Arnao has expressed remorse for her crimes and served a year in prison. She, too, is facing a resentencing hearing. Her lawyer, Patrick Egan, said that Fumo's accusations were "clearly untrue" and mean-spirited.
"This just shows the difference between them," Egan said. "She is just a peon who was led to slaughter."
Fumo also ripped into City Councilman James Kenney, who once served as Fumo's chief of staff but who is no longer an ally.
"He is an ungrateful, disloyal piece of s- that I made from nothing and he will be nothing again by the time I am done with him!!!" Fumo wrote.
Kenney declined to respond later Friday.
While bitter at others, Fumo has pity for himself. In a May 28 e-mail, the prosecutors said, Fumo compared "himself to Jews in concentration camps, prisoners at Guantanamo, and the Mubarak family on trial in Egypt."
Throughout, Fumo directs anger at The Inquirer, saying: "They put me here and are still trying to keep me here longer. They absolutely HATE me. Its amazing!!"
The government filing also reveals that Fumo had been working with free-lance journalist Ralph Cipriano to tell his story.
The pair said their book might be called The Senator: Vince Fumo, the most effective legislator in America and how he was undone by a bankrupt newspaper and an overzealous prosecution.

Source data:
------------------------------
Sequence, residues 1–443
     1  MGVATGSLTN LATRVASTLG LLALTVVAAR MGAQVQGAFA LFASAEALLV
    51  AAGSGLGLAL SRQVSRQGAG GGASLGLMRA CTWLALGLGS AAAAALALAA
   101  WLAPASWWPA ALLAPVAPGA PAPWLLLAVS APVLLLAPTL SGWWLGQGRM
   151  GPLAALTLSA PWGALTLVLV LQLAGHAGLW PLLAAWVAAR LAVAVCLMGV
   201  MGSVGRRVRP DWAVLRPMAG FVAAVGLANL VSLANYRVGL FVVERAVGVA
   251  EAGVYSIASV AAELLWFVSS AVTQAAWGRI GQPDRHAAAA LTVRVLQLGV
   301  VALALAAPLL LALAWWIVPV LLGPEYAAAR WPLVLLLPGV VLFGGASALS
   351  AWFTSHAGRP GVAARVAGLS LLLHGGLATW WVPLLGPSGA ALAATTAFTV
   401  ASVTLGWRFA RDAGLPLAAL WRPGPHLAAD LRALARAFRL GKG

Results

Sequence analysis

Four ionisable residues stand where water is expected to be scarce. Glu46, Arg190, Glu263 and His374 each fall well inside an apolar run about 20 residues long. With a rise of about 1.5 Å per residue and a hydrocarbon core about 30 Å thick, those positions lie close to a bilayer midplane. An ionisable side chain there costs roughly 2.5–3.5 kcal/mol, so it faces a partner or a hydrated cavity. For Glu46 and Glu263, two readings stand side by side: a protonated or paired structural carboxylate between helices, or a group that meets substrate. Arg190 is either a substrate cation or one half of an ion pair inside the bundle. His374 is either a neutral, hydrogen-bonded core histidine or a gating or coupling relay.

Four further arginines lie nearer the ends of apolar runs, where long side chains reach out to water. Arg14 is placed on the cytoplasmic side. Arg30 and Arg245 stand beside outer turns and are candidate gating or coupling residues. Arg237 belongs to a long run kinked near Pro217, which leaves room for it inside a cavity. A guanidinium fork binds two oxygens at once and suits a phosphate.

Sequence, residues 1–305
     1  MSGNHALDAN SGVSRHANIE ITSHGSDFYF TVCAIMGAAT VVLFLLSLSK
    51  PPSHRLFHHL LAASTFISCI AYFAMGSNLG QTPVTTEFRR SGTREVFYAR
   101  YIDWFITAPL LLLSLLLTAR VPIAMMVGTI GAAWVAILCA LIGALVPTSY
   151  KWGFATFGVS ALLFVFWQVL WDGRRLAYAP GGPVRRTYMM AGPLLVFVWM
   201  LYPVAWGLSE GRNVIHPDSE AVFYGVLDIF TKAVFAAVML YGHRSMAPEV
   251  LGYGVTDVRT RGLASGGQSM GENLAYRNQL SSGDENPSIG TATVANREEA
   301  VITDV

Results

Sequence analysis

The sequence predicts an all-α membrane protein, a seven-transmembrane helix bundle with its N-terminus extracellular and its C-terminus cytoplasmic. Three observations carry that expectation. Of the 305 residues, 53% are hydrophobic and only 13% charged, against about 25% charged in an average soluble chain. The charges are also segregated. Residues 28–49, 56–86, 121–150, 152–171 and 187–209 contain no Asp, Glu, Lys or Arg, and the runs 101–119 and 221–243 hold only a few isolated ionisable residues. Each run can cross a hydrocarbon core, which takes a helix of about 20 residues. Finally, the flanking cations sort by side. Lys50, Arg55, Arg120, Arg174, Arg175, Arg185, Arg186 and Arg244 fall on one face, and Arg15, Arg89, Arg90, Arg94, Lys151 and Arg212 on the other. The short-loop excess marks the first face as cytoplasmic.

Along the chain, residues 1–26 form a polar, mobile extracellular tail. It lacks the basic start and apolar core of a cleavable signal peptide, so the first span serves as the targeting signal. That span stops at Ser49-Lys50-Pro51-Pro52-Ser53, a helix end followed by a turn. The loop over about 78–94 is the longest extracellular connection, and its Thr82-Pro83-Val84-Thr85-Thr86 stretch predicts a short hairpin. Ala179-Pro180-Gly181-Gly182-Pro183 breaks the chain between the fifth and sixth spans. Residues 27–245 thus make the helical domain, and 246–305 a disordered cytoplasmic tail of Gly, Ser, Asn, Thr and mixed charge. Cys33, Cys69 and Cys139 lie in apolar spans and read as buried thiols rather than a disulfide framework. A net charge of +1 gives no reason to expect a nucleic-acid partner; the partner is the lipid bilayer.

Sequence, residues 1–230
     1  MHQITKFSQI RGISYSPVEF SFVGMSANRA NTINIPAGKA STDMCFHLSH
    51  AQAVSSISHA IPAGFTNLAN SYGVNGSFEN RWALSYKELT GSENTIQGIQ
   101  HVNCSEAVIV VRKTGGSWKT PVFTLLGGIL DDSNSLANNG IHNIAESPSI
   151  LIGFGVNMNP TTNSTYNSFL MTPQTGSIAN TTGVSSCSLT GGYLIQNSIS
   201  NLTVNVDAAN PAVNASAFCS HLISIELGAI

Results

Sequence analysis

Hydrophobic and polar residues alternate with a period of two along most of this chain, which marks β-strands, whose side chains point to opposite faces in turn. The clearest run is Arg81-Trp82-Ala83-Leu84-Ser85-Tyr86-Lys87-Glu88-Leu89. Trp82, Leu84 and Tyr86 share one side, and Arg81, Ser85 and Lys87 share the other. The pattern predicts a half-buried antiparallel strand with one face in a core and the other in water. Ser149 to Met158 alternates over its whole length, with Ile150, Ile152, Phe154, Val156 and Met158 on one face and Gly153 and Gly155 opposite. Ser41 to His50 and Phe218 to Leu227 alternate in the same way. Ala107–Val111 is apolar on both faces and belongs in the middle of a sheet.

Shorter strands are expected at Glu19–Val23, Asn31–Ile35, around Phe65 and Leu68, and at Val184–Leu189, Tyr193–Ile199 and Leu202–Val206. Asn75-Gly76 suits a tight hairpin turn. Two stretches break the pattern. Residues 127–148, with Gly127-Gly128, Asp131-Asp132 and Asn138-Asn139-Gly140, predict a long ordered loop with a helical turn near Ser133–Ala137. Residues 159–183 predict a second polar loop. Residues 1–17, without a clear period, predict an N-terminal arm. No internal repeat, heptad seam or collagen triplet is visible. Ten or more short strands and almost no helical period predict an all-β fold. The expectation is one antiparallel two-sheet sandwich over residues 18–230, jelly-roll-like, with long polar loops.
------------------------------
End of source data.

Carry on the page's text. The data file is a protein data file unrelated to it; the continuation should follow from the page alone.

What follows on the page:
In the filing, prosecutors also argue that Fumo tried to "trick the Bureau of Prisons into an early release" by making up a drug problem to qualify for an in-prison rehab.
Had Fumo been accepted into such a program - officials turned down his request - he could have had up to a year trimmed from his time.
Shortly before Fumo was imprisoned, a Fumo drug counselor had said he was addicted to Xanax and needed two months to detox.
Yet, prosecutors said Friday, when Fumo arrived at the Kentucky prison, a blood test found him free of drugs.
Goldberger said the government's suspicions were "completely false."
"He didn't have drugs in his system because we saw to it that he went into a medical facility to protect his health," Goldberger said.
Goldberger was joined on the defense team by Philadelphia lawyer Dennis Cogan and appeals expert Samuel Buffone, of Washington.
Last month, the Fumo lawyers asked that their client be spared the arduous travel that federal inmates often face to get to hearings. The defense asked that he be allowed to take part in the resentencing via a video hookup from prison. Buckwalter rejected that.
Weeks before the resentencing hearing, prison officials had already put Fumo on the road.
According to prison system officials, his circuitous journey began Oct. 20 when he was shipped out of the Kentucky camp to the federal prison in Atlanta.
From there, he arrived Wednesday at a federal detention center in Brooklyn, presumably to await the hearing in Philadelphia next month.
Contact staff writer Craig R. McCoy at 215-854-4821 or firstname.lastname@example.org.